My SOMO story begins in 1997 in Atchison, Kansas. I was an uninspired fifth year senior with an extra semester still to go. In search of a way to finish my college career sometime before I hit my thirties, I began to hit the trail in search of some type of internship. Now, if there is one sport that I love, it is the game of baseball. I could sit and talk for hours about baseball stats, players, managers, strategies and so on. I had basically spent the entire year trying to get hired for an internship with a minor league baseball team. Unfortunately, due to finals week, I was unable to attend the large job fair minor league teams use to hire most of their interns.
Then one day I got a call from my mother, and she had been doing some looking on her own, presumably since she was tired of paying for all these years at a private college. Gary Brimer (SOMO’s Chief Sports Officer) had an opening in Jefferson City at the headquarters office. The pay wasn’t much but it would count for credit, I could live at home and we could carpool together since Gary & I lived in the same town. I had known Gary pretty much my whole life, and since the baseball thing didn’t appear to be panning out, I decided to take him up on his offer. My experience with Special Olympics was next to nothing. I had helped Gary out at a local basketball tournament a couple of times in Boonville (my hometown), but nothing more than that. I had the typical “too cool for school” attitude initially, and took more than my fair share of ribbing from my roommates about spending my summer working with a bunch “special” people. That’s about the attitude I took with me to begin.
On my first day on the job, Gary told me to pack up my stuff as we would be leaving for the Missouri State Summer Games at Ft. Leonard Wood the following day. Let me tell you, there’s nothing like being thrown to the wolves on your first week beginning with the biggest event in the state. So as the Games began, and I got more acclimated with Special Olympics, I began to see what it was all about. I saw all of the passion, determination, and hard work that was put into the games by the athletes, coaches, staff and volunteers. I saw that these athletes were not really any different than me or my roommates. And I remember leaving the Fort with a whole new respect for the athletes and thinking, “Heck, if I had half as much drive as they did, I wouldn’t be facing my sixth year of college dead in the face.”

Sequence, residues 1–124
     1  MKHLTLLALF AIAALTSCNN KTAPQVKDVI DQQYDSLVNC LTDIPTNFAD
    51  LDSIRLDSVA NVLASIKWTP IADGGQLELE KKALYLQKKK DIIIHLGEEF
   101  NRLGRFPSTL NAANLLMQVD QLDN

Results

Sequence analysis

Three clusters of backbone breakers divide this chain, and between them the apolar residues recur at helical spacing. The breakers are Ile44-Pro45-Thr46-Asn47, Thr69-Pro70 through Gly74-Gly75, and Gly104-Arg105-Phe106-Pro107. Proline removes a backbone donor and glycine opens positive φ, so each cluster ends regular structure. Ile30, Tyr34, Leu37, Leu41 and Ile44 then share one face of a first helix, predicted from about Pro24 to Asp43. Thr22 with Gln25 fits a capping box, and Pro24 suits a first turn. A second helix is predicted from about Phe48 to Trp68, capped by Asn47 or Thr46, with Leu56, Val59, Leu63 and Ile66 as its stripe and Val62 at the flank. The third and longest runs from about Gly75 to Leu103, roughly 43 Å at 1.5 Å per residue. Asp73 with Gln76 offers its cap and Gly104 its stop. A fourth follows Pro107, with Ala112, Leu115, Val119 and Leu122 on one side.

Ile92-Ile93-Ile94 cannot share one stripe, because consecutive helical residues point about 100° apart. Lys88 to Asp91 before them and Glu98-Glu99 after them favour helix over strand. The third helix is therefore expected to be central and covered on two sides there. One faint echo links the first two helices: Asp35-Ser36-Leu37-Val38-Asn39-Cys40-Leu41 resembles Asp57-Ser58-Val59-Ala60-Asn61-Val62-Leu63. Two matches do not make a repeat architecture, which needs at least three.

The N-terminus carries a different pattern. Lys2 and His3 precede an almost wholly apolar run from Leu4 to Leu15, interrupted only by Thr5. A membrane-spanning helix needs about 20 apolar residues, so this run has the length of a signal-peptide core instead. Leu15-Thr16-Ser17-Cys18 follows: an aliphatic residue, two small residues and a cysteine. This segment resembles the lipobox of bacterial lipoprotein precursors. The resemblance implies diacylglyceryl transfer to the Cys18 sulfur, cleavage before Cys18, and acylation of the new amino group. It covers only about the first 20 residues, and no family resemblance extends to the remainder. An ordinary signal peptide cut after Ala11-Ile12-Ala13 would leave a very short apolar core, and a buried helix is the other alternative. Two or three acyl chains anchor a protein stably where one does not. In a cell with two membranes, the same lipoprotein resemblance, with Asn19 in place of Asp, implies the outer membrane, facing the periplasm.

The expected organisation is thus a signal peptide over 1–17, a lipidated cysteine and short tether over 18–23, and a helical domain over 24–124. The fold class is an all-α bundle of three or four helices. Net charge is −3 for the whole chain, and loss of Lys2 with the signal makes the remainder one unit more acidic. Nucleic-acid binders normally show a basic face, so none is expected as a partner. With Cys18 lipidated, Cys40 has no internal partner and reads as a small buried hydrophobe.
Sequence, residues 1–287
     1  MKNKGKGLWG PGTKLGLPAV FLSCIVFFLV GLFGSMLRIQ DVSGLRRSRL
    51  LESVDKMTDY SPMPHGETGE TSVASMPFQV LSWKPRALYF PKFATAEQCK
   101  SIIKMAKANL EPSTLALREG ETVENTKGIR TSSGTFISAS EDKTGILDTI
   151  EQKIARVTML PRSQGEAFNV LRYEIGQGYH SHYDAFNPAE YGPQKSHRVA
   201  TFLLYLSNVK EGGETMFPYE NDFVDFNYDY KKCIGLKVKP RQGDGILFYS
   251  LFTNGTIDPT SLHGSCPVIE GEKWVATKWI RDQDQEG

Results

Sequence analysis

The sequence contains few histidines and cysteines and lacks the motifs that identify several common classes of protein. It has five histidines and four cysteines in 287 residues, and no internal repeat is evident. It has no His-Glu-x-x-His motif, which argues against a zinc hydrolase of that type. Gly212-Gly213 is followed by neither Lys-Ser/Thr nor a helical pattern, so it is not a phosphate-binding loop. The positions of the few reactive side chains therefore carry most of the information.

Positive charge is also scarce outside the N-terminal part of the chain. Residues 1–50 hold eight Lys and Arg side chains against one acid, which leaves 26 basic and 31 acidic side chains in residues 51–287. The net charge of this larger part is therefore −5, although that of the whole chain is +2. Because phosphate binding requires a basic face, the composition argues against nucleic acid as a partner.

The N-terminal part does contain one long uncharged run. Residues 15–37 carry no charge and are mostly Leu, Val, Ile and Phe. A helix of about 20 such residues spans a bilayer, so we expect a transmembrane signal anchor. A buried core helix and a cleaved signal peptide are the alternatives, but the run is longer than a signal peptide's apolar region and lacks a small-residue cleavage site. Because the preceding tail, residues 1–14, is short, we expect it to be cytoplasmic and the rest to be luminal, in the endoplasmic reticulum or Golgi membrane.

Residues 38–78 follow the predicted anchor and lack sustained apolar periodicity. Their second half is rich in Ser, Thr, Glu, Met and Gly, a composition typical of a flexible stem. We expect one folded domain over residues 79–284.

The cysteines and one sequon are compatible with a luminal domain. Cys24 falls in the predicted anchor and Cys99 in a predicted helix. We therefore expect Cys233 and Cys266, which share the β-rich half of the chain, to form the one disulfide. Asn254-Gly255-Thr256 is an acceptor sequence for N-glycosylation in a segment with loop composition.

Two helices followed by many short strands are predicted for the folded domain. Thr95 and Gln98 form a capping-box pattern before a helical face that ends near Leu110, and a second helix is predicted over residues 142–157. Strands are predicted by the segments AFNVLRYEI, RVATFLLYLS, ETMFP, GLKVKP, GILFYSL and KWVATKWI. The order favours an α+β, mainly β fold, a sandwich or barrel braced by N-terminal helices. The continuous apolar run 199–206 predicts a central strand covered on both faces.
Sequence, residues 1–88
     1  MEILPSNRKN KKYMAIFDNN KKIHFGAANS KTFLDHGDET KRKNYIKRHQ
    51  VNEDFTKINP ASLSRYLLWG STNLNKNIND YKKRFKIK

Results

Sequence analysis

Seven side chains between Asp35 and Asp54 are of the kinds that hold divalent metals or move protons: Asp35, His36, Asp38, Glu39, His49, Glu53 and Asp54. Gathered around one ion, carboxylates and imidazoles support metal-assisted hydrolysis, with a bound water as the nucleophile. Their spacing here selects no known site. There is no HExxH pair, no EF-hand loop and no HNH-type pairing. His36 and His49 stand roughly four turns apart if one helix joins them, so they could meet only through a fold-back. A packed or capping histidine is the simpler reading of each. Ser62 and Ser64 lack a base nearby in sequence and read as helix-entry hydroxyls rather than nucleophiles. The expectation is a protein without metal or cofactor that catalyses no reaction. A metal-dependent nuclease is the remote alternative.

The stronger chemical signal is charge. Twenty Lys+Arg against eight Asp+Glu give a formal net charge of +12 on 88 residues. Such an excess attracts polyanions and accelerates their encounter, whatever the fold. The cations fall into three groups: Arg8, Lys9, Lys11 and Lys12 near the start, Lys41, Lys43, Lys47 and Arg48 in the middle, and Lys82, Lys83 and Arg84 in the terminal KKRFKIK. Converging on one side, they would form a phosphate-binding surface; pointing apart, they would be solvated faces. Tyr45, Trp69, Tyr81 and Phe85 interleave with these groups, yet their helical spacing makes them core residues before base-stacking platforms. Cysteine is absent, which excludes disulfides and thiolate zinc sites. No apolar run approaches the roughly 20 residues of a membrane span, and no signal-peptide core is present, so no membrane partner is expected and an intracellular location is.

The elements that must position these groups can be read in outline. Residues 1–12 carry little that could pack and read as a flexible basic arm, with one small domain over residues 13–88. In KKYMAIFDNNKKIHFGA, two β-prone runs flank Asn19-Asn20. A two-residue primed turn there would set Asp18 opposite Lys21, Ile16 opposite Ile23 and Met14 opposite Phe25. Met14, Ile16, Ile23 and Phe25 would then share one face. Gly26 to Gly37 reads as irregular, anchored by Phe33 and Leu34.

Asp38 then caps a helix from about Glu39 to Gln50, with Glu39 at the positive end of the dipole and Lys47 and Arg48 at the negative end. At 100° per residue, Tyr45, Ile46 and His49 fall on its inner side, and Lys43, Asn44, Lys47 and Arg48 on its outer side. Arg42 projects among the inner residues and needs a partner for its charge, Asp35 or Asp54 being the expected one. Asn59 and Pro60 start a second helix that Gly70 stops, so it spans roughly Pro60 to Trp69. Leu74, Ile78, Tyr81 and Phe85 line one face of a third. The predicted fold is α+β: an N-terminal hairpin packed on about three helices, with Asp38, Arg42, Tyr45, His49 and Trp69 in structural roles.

The summer continued pretty much uneventful just doing the basic intern stuff like filing and what not. Then one day Gary proposed to me that Missouri was going to put on an athlete camp as a pre-cursor to a Special Olympics World Games the following year. Missouri had never put on a camp, but other states were trying it and he wanted to see how it went with athletes spending a week away participating in various different sports. I would be the director. Well, all I can say is, what an experience it was. We trained in different sports such as basketball, aquatics, and tennis. We had nightly activities. It was really a good insight once again that these athletes are just like you and I. I can’t tell you how much fun I had with them. From playing sports with them, showing of my limited dance skills at the dance, and even doing a camp activity known as hiney writing (basically writing your name with your posterior) it truly was one of the best weeks I have ever had. On the last day of camp, we said our goodbyes and as we were leaving I was presented with an official camp shirt with the autographs of about a hundred of my new friends. To this day, that shirt is framed and hanging up in my house for all to see.
Sadly, the internship came to an end after camp and it was back to school, but I always took with me all of the life lessons the athletes had taught me through their actions. Life went on, and eventually I did get that baseball job. I spent ten years traveling the southeast working in baseball. But I never forgot about Special Olympics, it might have been volunteering at the softball tourney in Tennessee, or helping coordinate the Jello Jump at my stadium in Virginia. Special Olympics was no longer something I joked about or avoided it was something I sought out and wanted to be a part of.
Now life has brought me full circle, and low and behold I am back working with Special Olympics Missouri full time. I even make it back to camp each year. It’s just like the old adage says: “You can take yourself out of Special Olympics, but you will never take Special Olympics out of you.”
Tim Schuster, left, is the Northeast Area Director for SOMO. You can reach him at firstname.lastname@example.org.